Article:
Not long after a new resident arrives at one of Episcopal Retirement Services’ retirement communities, a chaplain visits them. The clergy members don’t show up to push the Christian faith, but to offer a hospitable welcome. Despite the word “Episcopal” being the first word in the name, all faiths are welcome among residents and team members, as well as no faith at all.
So the chaplains visit simply to introduce themselves, and offer a friendly, listening ear when it’s needed.
The Rev. Lisa Tolliver makes those visits at the Episcopal Church Home campus in Louisville.
“We know that moving – anything that in any way pulls at somebody’s social support network and their physical surroundings – is a big deal,” Lisa said. “So for that, and many other reasons, we’re always there to greet people when they move in.”
Many interactions with residents after that
In Cincinnati, at the Deupree House and Marjorie P. Lee retirement campuses, the Rev. Angelo Puopolo and his deacon colleagues at ERS campuses have many of contacts with residents and their families, both religious and non-religious. He considers it an honor to be part of their lives.
Angelo’s favorite part of his job?
“The residents! That’s my favorite part,” said Angelo, who is celebrating 10 years with ERS.
“I’ll spend as much as an hour just sitting, and allowing people to talk about whatever they want to talk about,” he said. “But a lot of times, it’s just about history, about their family, or about their husband, their wife, about their children.”
Lisa and the other chaplains also look out for people of other faiths – including Islam, Buddhism, Judiasm, Catholic and protestant denominations – by reaching out to their faith communities, to see about religious services and visits, if those are desired.
One Buddhist resident a while ago was at the end of life, “and it had come upon them suddenly, so it was important to me that if they wanted the ministrations of specifically a Buddhist spiritual leader, that they’d be able to have one. I went out, and shook some trees, and got that,” she said. “That’s so important.”
Angelo adds: “We have a few people who are of a Jewish background. We went out and sought a rabbi. The rabbi comes periodically to visit them and offer his or her insights to them if they so request it. We’ve also got extraordinary priests who come from the Catholic church, and they bring Communion.” There also are Catholic Rosary services.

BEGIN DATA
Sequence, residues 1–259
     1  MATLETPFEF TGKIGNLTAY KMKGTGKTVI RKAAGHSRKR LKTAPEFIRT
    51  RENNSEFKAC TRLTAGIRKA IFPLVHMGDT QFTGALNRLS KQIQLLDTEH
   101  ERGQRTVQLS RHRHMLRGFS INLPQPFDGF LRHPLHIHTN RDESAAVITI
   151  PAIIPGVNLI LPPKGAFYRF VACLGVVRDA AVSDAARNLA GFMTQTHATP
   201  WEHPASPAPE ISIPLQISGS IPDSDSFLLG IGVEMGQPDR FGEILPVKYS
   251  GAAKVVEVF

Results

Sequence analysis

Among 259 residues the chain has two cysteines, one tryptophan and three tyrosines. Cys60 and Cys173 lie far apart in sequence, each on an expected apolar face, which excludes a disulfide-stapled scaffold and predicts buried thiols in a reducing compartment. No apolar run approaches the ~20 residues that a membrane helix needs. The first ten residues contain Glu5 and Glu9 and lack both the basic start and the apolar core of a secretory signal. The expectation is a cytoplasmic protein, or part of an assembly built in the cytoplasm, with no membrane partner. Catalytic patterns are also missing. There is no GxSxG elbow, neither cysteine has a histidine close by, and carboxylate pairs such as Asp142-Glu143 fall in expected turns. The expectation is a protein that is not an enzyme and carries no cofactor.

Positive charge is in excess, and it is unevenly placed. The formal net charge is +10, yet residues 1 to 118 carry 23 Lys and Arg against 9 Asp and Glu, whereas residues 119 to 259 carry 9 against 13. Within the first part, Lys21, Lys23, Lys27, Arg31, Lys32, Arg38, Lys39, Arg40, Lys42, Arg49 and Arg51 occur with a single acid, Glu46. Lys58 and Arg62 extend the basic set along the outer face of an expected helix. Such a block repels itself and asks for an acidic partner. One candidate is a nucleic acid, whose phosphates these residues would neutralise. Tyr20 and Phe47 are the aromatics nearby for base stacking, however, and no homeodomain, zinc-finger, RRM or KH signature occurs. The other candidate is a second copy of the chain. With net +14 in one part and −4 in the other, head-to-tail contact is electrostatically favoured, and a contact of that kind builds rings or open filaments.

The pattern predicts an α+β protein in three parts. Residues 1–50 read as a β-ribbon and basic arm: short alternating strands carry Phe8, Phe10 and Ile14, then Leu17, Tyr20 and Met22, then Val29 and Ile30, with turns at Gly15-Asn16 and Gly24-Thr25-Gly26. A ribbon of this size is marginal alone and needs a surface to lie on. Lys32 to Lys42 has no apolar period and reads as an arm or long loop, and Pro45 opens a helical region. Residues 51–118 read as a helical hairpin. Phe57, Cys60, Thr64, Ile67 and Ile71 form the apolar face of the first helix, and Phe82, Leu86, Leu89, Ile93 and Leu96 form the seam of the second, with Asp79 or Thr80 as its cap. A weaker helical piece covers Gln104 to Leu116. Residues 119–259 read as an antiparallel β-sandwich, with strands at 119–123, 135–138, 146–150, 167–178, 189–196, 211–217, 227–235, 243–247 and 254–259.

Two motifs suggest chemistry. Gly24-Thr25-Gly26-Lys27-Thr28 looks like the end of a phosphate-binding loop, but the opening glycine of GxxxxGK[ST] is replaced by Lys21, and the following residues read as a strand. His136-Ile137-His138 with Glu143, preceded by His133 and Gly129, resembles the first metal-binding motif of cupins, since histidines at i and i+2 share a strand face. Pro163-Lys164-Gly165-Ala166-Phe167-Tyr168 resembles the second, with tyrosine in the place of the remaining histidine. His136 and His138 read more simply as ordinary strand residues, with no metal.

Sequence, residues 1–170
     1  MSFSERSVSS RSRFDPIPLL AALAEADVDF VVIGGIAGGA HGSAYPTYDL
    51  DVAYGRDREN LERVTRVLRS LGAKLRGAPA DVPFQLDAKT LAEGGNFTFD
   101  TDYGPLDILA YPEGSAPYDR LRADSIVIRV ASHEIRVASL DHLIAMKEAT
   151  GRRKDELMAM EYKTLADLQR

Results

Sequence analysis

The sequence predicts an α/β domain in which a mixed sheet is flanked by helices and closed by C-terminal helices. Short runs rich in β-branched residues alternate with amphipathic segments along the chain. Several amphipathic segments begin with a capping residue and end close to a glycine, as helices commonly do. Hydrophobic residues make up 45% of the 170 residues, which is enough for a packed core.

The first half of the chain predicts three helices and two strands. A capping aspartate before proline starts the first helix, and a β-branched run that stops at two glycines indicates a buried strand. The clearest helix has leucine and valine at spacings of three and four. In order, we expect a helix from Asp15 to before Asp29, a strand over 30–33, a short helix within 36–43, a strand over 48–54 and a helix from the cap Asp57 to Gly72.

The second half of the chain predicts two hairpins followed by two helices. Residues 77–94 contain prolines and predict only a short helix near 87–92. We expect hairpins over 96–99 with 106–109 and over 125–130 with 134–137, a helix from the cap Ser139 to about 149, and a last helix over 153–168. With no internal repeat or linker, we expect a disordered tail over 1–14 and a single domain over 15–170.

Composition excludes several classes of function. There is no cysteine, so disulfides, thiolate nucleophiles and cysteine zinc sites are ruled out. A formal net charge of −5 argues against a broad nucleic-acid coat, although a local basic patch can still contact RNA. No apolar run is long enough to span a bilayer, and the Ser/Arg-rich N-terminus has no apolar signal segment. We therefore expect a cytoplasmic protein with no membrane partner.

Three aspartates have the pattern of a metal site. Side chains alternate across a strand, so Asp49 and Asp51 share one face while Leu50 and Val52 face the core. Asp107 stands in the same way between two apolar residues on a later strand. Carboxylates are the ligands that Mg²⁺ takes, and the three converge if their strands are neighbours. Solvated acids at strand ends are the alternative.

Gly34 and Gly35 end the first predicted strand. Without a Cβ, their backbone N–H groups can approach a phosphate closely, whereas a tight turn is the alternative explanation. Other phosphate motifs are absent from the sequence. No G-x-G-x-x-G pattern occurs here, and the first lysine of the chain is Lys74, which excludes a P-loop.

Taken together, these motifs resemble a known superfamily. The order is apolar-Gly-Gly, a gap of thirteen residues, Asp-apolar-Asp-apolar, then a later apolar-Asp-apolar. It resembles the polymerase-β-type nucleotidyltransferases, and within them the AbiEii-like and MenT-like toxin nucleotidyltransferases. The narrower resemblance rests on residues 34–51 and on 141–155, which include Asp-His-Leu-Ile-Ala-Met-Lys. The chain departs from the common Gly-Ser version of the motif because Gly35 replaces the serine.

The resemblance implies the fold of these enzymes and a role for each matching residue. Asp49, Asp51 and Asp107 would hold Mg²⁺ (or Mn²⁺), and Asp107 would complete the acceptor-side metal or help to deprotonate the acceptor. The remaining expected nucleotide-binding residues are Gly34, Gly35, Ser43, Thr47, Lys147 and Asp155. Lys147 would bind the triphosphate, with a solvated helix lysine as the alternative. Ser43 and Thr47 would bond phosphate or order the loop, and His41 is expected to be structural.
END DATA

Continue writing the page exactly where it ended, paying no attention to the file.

In Cincinnati, buses transport residents from the campuses to weekend Methodist, Presbyterian and Catholic services in nearby Hyde Park churches.
Deacon Harvey Roberts after a service. Faith practice is a foundation of many people’s lives, so ERS wants to foster the diverse faiths of its residents, which helps create a strong sense of community. (Louisville photos courtesy of Susan Shockey)
Religious services that make many feel welcome
Of course, the chaplains lead religious services, usually on Sundays. Both Lisa and Angelo take pride in leading services that are comfortable for people of all Christian denominations, and people of other faiths.
Angelo leads three services on Sundays:
- 10 a.m. at Deupree House;
- 11:15 a.m. at Marjorie P. Lee; and
- 2 p.m. at Deupree Cottages.
At those services, “just a handful” who attend are Episcopalians, he said. “The rest are all of various denominations, from Catholicism all the way over to Baptist, and everything in between. We don’t miss a beat. And we don’t exclude, we always include.”
The Rev. Lisa Tolliver and Lynn McPherson at St. Luke's Chapel on the Episcopal Church Home campus. (Photo by Susan Shockey)
- Meanwhile, on the Episcopal Church Home campus in Louisville, Lisa leads services at St. Luke Chapel on Sundays at 10:30 a.m.
“Our service is not only open to everyone – meaning everyone can come – but it’s intentionally designed to make it easy for people of other denominations to join in, and to follow, and to feel included,” Lisa said.
The chaplains sometimes lead memorial services for residents, but also some for staff when asked. When a resident is dying or hospitalized, they are there if that is sought.